24 November 2008

The burden of Art History

The documentary the Rape of Europa is fascinating, terrifying, and humbling.

Hitler's systematic looting and destruction of the art of Europe is matched only by his systematic annihilation of life. War is brutal, and the brutality of World War II is unfathomable. But there is a sadistic brutality in the desire to not only erase life, but erase an entire culture. Hitler sought to void Western culture and rewrite it in his own hand.

Fortunately for history, there were civilians and soldiers who waged a war to save the art of Europe. To say it was a monumental task, would be an epic understatement. They are quiet saviors whose acts of heroism hang in gilded frames.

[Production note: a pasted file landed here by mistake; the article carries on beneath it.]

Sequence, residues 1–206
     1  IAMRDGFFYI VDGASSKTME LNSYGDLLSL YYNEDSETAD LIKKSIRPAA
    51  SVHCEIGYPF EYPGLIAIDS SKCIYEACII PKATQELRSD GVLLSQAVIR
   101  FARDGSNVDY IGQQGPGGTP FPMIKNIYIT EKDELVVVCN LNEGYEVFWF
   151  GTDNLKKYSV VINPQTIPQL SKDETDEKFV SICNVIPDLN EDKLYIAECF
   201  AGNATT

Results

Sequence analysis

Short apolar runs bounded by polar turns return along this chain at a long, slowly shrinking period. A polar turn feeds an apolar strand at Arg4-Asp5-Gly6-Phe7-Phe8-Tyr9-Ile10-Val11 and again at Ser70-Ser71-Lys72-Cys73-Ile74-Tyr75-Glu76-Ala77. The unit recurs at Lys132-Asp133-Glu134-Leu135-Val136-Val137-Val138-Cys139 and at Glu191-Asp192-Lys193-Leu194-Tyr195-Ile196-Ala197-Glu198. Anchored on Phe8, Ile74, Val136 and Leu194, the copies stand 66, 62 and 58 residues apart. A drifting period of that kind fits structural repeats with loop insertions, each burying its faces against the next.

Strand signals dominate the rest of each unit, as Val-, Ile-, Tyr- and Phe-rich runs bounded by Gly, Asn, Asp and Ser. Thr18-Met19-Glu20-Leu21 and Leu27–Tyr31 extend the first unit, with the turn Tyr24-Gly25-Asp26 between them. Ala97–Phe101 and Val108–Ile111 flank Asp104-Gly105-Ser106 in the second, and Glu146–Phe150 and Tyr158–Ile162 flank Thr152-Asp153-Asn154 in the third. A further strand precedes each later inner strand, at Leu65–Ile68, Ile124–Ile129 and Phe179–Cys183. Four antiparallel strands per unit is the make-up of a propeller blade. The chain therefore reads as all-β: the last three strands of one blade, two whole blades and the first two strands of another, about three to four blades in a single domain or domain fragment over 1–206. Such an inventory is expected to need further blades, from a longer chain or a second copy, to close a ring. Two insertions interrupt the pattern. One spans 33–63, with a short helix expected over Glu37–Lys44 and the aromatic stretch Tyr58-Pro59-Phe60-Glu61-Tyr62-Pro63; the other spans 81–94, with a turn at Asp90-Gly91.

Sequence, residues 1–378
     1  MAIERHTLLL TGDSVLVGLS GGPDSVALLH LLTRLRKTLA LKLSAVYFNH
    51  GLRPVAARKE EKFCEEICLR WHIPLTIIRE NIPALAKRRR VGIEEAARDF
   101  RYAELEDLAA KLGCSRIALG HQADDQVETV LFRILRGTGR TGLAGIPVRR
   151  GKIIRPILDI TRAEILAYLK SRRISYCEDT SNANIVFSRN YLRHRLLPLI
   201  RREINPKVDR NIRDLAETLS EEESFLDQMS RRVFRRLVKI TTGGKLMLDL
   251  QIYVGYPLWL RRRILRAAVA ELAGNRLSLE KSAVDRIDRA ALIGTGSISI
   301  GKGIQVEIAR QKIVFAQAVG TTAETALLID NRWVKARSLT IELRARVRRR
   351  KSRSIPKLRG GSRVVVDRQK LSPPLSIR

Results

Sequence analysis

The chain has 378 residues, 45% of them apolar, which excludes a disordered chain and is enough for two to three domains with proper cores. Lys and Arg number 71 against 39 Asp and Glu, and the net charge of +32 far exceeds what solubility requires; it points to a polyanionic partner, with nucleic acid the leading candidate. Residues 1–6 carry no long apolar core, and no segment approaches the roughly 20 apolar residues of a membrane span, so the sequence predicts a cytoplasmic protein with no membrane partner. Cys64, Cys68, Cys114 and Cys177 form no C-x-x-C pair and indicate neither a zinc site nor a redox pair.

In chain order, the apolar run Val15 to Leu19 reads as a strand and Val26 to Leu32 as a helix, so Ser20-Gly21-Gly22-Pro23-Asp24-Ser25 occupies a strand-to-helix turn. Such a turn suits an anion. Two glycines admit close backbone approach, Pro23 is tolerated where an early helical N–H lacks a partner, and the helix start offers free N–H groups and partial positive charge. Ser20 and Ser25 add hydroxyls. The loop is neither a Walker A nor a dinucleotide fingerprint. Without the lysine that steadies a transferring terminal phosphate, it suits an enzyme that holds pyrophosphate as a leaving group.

All things beautiful and mortal pass, but not art.
Cosa bella e mortal passa e non d'arte.
(Leonardo da Vinci)

I don't believe art is more valuable than a human life. I believe art is a dialogue, a conversation to be had with the past and the present. It allows us to engage in a fundamental part of our humanity. I have stood before Vermeer's "Astronomer" in the Louvre and cried over the 340 year old canvas. Why? I don't know. I was moved to tears by something I cannot properly articulate. That is why art is necessary, to remind us that we are part of something greater than ourselves.

We can survive without art, but we cannot live without it.


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